Hallucinations and the Transparency of Perception

Paul Coates

Research output: Chapter in Book/Report/Conference proceedingChapter (peer-reviewed)


This paper examines the way in which concepts of a low-level classificatory kind occur in different kinds of experiences, and what happens when subjects of deceptive musical hallucinations re-assess their experiences and come to realise that they are hallucinating.
Drawing upon this account, it is shown how it is possible for subjects to adopt different conceptual stances with respect to veridical perceptual experience. The issue of the seeming “transparency” of perceptual experience is explored, and it is argued that the sense in which perceptual experience is transparent is compatible with the Critical Realist version of the causal theory of perception: hallucinatory phenomena show how perception can be intentionally direct, yet causally mediated. Transparency does not provide any special support for Direct Realist or Disjunctivist theories of perception.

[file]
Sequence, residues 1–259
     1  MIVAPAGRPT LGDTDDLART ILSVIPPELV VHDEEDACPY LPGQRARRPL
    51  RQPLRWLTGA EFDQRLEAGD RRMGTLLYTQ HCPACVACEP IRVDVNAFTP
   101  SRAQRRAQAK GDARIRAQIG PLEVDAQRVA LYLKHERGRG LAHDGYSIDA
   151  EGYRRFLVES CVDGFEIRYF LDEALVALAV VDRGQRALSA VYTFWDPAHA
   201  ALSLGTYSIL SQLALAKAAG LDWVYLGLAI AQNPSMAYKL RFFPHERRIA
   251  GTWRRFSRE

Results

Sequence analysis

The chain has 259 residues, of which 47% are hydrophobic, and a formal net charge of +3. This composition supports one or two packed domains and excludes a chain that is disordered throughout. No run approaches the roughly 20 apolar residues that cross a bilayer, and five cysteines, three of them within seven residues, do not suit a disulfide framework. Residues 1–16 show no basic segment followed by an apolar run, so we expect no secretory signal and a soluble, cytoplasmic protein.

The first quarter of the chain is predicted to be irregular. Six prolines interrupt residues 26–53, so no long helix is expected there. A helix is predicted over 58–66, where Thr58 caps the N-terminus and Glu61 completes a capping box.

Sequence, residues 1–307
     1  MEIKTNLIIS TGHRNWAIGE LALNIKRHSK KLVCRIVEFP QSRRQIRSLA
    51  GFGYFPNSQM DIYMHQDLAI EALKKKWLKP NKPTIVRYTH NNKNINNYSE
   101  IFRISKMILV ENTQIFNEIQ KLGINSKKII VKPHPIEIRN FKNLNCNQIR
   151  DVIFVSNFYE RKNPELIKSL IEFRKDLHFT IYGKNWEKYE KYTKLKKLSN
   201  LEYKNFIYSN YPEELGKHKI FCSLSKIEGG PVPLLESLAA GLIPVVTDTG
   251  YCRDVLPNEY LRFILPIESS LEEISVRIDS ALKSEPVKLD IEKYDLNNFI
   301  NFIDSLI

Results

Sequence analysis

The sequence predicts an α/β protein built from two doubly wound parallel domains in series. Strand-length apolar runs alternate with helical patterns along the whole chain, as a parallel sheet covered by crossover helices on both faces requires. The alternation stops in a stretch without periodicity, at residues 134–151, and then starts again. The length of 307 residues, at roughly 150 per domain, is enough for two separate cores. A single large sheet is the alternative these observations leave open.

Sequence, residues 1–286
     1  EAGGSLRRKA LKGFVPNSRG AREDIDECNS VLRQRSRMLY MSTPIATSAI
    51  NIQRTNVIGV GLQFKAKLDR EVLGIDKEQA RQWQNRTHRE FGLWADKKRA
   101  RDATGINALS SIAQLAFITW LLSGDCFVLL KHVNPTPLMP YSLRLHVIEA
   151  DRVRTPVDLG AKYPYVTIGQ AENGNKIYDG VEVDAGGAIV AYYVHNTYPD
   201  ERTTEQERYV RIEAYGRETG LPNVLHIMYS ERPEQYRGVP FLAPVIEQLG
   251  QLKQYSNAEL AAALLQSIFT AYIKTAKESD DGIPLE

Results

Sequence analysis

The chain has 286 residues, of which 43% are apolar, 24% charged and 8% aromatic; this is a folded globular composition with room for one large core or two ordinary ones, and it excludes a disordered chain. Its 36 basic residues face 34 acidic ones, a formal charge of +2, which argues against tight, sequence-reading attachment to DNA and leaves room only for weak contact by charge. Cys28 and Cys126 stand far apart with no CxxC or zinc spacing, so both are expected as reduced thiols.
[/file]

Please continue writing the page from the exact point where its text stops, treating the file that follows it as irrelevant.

Original languageEnglish
Title of host publicationHallucination
Subtitle of host publicationPhilosophy and Psychology
EditorsF. Macpherson, D. Platchais
Place of PublicationCambridge: Mass
PublisherMIT Press
ISBN (Print)9780262019200
Publication statusPublished - Aug 2013


  • Perceptual experience; transparency; hallucination; causal theory of perception; critical realism; direct realism; disjunctivism.


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